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There’s An App For That …

by Briana Campbell (@MsMatchGirl)   There’s an app for that. But do you need it? Five apps some folks from the Z-team, learned about, were excited for and …  somehow found themselves never using.

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by Briana Campbell (@MsMatchGirl)

 

There’s an app for that. But do you need it?

Five apps some folks from the Z-team, learned about, were excited for and …  somehow found themselves never using.

Color: This much hyped app raised $41 million in funding before it was even launched. All the blogs were talking about it. I don’t know about you, but I logged into it once and never used it again. One of the guys at the office spoke of how he used it while at a concert one evening, but he never used it again. Personally, I don’t necessarily care to see the photos of the strangers standing around me. I’d rather look at pictures posted by people I don’t know. Who aren’t in a 150 foot radius.

Don’t get me wrong, I think the idea is really cool. And it will be interesting to see where it goes. But for me, for now, it’s not something I go to.

 

Shazam: OK. I actually think Shazam is awesome. But I don’t use this app on a regular basis for the simple reason that it rarely works. By the time it loads, the some I’m trying to suss is almost over and there is probably too much ambient noise in the space – be it bar, restaurant or party – I get that little message that the song can’t be found about 90% of the time. I’m deleting it mind you, but I never use it.

 

Typeplace: Typlace seems like it would be a really fun app. It allows you to take photos of typography and share it with your fellow Typeplacers and to your social networks. It also allows you to find the interesting type that is near you, found by others, via geo-tagging. Sounds cool, right? Dan Licht, Zemoga’s guiding creative voice and resident font-nerd, was really excited to purchase this app (yep – he paid for it). Yet he never uses it. He felt that, in the end, it was too close to apps he has already and he finds himself simply sharing through apps and programs he was already using.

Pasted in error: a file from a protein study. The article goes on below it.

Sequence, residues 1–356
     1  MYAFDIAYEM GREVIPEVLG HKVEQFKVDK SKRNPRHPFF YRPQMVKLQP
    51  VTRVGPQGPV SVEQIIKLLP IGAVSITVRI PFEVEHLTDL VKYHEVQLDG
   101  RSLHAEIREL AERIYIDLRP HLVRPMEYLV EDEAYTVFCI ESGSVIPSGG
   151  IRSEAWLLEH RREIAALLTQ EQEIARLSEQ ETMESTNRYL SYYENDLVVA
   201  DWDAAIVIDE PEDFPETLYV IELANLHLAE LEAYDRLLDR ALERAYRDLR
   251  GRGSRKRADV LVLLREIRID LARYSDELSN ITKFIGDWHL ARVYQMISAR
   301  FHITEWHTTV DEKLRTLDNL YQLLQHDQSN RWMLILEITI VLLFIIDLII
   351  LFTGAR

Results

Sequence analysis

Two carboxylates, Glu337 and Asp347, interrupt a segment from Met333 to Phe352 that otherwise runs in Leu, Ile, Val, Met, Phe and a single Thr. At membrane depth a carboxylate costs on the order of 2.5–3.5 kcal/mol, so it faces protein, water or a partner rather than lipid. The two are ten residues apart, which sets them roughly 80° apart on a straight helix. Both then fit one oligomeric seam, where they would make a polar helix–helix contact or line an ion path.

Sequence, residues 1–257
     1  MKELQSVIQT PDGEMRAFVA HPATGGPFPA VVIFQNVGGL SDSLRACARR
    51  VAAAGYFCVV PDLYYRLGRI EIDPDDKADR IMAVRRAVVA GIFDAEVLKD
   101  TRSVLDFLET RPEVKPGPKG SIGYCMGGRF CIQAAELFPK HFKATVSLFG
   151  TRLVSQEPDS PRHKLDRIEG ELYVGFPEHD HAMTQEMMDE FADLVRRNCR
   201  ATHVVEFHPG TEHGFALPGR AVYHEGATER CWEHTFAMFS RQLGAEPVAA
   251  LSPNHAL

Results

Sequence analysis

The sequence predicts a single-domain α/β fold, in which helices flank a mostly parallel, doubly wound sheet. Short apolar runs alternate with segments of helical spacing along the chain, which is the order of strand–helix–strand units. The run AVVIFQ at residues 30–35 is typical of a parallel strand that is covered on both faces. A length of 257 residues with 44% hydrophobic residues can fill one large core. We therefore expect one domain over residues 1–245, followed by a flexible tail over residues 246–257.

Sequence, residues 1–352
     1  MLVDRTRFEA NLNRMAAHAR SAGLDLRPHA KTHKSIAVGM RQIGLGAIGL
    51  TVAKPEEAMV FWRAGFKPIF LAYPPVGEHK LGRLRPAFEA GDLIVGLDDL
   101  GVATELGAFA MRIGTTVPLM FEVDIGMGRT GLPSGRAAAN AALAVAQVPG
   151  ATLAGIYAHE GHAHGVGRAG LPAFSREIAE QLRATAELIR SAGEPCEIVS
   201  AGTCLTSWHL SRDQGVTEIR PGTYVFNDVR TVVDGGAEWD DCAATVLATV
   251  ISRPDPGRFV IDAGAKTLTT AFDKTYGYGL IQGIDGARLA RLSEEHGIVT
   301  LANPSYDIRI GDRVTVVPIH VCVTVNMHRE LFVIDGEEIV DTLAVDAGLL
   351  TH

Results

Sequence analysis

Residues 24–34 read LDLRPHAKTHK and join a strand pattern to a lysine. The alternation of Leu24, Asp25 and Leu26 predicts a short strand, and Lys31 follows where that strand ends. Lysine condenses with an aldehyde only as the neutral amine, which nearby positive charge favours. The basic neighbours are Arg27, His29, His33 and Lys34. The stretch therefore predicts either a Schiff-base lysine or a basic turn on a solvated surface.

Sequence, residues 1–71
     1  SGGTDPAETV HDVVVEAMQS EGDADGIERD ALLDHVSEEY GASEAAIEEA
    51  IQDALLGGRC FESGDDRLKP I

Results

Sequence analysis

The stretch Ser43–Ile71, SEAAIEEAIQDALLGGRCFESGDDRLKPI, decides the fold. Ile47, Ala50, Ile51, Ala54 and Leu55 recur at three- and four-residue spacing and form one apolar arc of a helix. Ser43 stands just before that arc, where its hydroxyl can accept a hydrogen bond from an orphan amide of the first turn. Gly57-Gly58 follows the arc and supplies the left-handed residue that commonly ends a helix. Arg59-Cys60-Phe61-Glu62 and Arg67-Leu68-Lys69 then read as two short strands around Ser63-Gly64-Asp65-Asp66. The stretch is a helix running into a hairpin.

Want!: Another one from Dan. Want! is an app that allows you to take photos of things you … well … want, and share them with your social networks. It also has Foursquare integration, so you can see what others around you want. In chatting about this app, Dan mentioned he might find it more interesting/use it more if it had some kind of e-commerce platform, so you could “want” something and find a link to buy it (or have it easily purchased by someone else). It’s only been around for a little while, so maybe the audience will grow or they will add commerce, or at least there will be more adoption.

 

Path: Path is an app, from a former Facebook developer, for sharing moments with only your closest friends and family. Maybe that’s the problem. With Path, your network is limited to 50 people. And they have to have Path, too. When it launched, I received an invite, but as it was iPhone only (no longer true) and I’ve got (for now) an Android phone, there was no real good way for me to play along. And as Dan says, since no one he is close to has adopted it, there’s not reason for him to use the application.

 

One of the biggest problems with many of these apps is that they rely on a small and insular social circle to really be utilized well. And, seriously, just how many social networks can one person truly be part of.

 

What do you think? Any apps you were really looking forward to downloading that you never find yourself using? We’d love for you to share your thoughts in the comments.

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